Tuesday, July 19, 2005

SKAOBIT: Laurel Aitken

The death has been announced of Laurel Aitken, the Godfather of Ska.

Born in Cuba in 1927, Aitken's family relocated to Jamaica when he was eleven years old; it was here that he first started to carve out a musical career for himself during the 1940s. Always knowing how to please a crowd, Aitken was happy to follow the current trend for Nat King Cole style vocals, but also had the knack of adapting his voice to other types of music as well - R&B, soul, calypso and mento alongside his own favourite, boogie. During the 1950s, he turned his attention from live music to recordings, enjoying some minor success (most notably Roll, Jordan, Roll) before hooking up with Chris Blackwell. Blackwell had just started to pull together his idea for a record label, and so it was that Aitken came to be the first singer to release a single on Island records. Little Sheila was a massive hit in Jamaica, racking up eleven weeks at number one; more importantly for the course Aitken's life was to take, it opened up the chance for him to relocate to the UK.

The large Jamaican community in London had long been relying on dodgy bootlegs from the Carribean - something Aitken called round to have a word about when he found out. From that meeting with bootleggers grew a legitimate label, Blue Beat, which concentrated on the growing and lucrative expat Jamaican market; it gave Aitken a base from which he built a huge fan base; he was the only Jamaican artists to tour the UK regularly, and the numbers of copies of tracks such as Fire in Mi Wire, Bartender and Landlord and Tennant sold - although unacknowledged by the mainstream chart return shops - established him as one of the country's most solidly-performing artists across the 60s and 70s.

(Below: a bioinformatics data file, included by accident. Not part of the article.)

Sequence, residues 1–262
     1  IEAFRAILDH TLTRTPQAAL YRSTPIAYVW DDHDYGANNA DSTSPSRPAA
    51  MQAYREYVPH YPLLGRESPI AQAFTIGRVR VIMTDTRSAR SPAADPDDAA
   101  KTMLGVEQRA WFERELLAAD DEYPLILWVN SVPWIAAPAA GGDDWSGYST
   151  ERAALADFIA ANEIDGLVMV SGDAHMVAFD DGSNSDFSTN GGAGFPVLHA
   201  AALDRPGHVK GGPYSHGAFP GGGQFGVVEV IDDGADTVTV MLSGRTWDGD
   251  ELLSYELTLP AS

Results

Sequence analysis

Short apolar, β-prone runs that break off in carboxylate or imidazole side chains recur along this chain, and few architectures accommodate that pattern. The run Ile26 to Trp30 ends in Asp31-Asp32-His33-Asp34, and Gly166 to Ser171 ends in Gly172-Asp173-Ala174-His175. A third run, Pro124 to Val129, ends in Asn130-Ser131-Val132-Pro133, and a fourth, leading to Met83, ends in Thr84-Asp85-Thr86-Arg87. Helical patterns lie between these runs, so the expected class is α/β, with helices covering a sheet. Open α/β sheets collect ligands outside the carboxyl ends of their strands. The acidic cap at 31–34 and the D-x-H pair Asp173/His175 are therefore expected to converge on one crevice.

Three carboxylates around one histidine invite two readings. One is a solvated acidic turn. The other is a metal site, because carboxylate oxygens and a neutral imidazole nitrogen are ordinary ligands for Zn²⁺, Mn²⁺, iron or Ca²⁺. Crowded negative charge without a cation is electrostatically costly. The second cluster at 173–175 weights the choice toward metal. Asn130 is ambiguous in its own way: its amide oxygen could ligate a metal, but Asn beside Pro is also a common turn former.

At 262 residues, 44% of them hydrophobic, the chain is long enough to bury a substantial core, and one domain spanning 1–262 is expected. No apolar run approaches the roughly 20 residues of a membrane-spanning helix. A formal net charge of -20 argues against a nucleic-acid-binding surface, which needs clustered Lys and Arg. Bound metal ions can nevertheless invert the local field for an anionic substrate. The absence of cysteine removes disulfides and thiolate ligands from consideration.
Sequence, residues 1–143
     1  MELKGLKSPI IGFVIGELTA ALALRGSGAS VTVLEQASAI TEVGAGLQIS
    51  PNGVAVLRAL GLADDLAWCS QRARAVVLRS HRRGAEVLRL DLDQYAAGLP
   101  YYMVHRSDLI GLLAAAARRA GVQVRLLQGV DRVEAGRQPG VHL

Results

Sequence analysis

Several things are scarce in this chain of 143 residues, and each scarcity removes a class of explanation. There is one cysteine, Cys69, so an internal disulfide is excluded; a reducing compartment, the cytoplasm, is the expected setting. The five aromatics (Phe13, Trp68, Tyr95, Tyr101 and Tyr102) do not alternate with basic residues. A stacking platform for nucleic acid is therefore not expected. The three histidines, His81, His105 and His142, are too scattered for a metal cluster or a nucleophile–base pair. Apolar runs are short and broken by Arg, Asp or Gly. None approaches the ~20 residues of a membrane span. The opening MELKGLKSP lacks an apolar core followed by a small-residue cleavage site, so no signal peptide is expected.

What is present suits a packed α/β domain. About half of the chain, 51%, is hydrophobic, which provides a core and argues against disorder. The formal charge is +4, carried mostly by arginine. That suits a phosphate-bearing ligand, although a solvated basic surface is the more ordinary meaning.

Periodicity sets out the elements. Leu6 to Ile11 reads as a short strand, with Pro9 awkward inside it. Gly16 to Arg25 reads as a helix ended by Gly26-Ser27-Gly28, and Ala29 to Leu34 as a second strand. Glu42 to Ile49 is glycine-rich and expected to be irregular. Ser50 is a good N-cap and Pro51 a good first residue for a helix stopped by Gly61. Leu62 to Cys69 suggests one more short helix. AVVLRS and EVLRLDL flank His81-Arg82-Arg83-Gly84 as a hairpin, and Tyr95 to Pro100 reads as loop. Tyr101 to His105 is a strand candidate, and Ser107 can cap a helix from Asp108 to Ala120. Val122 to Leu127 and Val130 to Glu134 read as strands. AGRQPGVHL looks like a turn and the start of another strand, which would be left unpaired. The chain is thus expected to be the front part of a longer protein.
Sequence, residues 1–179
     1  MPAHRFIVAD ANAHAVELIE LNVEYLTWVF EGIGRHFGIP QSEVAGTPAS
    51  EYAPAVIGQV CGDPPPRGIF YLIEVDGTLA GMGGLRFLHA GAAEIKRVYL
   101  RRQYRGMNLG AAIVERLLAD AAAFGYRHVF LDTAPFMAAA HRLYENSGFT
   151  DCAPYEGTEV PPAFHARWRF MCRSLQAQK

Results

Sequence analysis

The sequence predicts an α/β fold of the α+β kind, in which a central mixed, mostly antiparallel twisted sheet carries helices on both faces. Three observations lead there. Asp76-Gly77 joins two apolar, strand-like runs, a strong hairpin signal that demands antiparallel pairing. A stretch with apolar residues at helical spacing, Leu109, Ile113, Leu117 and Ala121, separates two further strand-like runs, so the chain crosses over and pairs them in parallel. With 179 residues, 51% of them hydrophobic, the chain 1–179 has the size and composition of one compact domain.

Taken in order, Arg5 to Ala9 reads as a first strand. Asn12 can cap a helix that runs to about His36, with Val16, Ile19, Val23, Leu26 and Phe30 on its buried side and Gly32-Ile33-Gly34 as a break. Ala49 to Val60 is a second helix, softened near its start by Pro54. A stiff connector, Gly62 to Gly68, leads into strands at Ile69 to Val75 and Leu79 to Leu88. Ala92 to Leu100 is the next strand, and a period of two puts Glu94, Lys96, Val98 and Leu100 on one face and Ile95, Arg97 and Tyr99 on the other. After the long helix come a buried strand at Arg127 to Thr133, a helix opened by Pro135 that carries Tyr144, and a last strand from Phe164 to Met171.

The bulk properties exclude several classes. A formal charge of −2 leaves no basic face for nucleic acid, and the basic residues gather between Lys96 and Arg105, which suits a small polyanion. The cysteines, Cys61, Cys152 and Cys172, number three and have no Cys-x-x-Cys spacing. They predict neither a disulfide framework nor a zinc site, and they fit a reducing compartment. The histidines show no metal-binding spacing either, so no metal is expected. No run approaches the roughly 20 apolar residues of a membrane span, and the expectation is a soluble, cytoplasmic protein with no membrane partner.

In the 80s, Aitken enjoyed a second wind, carried aloft by the enthusiasm of Two Tone artists - not only did he tour with Secret Affair, but he also worked with The Ruts (yes, those Ruts). It was during this period that the classic Rudi Got Married saw a reelase on Arista; if Aitken had a signature tune, it would be that. Even a part in ill-conceived David Bowie/Patsy Kensit film Absolute Beginners couldn't dull his shine.

Recently, Aitken had been living in Leicester; he'd suffered an extended period of ill health but had carried on performing - indeed, he had been due to play last Friday but pulled out on medical advice. During the onset of serious illness, he had married his long-standing partner Sandra. Talking to the Leicester Mercury, she said "Everybody loved him. When there was a piece in the Mercury saying he was in intensive care, there were so many well-wishing cards. We met in 1970, when he was on at a dance. I didn't know anything about him at the time but he was such a gentleman."

A tribute night is being organised for the Leicester Athena on September 23rd. His funeral will take place on Thursday.

[Thanks to Simon T for the news]

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